The Ultimate Obstacle To The American Health Care Act Might Actually Be Republicans
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On Monday afternoon, after seven years of vague promises, we finally got a look at the Republican plan to repeal and replace Obamacare. Democrats quickly panned the plan. Their biggest critiques included that it limits subsidies for poorer and sicker people buying health insurance, cuts taxes on the wealthy, and replaces the individual mandate with a penalty paid to insurers if you buy insurance for the first time after lacking it for an extended period of time.

But of all the commentary on the American Health Care Act bubbling up around the political water cooler, perhaps the most scathing take-downs of House Republicans' health reform plans came not from partisan Democrats, but from conservatives. The House bill retains the basic structure of Obamacare, meaning that for conservatives who want a true free-market replacement, this new plan probably doesn't go nearly far enough.

Writing for Reason, Peter Suderman hit the nail on the head:  "[I]t's not clear what constituency this bill is designed to satisfy, aside from Republican congressional leadership. It doesn't go far enough for conservatives, but may not be generous enough to appease more moderate Republicans either."

Philip Klein of the Washington Examiner, who literally wrote the book on conservative healthcare policy, bashed the Republican bill: "In releasing their healthcare plan on Monday, House Republican leaders sent a signal loud and clear: liberalism has already won." In the Federalist, Christopher Jacobs reported on potential hidden problems in the House bill that could lead to businesses dropping employees from their health plans.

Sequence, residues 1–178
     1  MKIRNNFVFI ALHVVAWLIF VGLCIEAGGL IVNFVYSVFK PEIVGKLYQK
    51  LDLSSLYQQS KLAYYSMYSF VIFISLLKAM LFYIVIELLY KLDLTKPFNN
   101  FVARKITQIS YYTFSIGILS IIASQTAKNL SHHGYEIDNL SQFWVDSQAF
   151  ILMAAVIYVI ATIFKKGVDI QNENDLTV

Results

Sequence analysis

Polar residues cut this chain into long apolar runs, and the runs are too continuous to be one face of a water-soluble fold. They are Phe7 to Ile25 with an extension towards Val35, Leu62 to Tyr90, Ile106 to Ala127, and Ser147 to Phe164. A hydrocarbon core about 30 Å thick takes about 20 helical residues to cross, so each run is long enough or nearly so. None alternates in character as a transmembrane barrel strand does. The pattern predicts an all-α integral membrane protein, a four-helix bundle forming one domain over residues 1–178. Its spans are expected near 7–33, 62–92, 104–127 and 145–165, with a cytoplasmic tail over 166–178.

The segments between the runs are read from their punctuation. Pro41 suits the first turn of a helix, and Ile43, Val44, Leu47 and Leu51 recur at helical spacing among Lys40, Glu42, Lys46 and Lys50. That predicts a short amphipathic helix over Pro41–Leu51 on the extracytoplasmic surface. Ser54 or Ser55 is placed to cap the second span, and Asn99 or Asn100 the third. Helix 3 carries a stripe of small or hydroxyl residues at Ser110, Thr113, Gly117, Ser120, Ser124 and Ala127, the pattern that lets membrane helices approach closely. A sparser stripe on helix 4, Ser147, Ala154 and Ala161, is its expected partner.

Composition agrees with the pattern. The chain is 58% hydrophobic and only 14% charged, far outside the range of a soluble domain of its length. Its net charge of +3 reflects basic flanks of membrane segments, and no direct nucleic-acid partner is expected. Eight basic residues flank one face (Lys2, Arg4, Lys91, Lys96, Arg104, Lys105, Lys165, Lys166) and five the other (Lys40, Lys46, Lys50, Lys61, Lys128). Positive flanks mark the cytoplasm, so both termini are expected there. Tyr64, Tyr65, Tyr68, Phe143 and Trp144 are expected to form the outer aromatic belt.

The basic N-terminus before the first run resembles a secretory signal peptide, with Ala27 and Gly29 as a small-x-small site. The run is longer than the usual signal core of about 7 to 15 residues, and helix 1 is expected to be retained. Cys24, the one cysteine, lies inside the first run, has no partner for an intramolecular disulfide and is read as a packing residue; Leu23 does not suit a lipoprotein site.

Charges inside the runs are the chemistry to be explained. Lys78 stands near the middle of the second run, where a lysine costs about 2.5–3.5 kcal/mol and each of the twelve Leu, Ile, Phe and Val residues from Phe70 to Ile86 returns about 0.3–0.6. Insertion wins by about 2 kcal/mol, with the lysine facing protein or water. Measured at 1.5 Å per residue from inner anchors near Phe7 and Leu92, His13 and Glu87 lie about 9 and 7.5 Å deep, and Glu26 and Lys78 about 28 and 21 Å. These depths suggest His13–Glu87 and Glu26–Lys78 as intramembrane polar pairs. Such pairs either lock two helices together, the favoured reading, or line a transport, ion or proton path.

Conservative-leaning writers are bashing the Republican healthcare bill like they're Democrats. One Democratic pollster, Matt McDermott, took apparent glee in watching this dynamic play out for a conservative commentator:

By Tuesday morning, the attacks on the AHCA bill from the right escalated to many of the most important conservative think tanks and political action groups:

Throughout all of this, opposition in Congress, not only among Democrats, but among Republicans in both the House and the Senate, grew.

Republican attempts to fulfill their promise to "repeal and replace Obamacare" are off to a terrible start. Healthcare reform is, as President Trump was surprised to learn, "so complicated," and with Republicans only holding 52 seats in the Senate and forced to follow certain procedural rules to prevent a filibuster, passage of even the best bill was sure to be difficult. But it's nearly unprecedented for this kind of refutation to sprout up against a major legislative priority, not only from the opposition, but from the party in power.

Politics is the art of compromise, and by definition, compromise means passing a bill that nobody is fully happy with. But this bill is special — barely anyone seems to prefer it to the status quo.

In the meantime, that status quo — the Affordable Care Act — has gotten more popular than any time since its passage.

In order to beat back polls that are turning against them, they need strong advocates for a policy that isn't yet popular. But with many top Republicans, conservative commentators, and conservative political advocacy groups not ready to do that, it's hard to see how the Republicans convince anyone that they want this bill.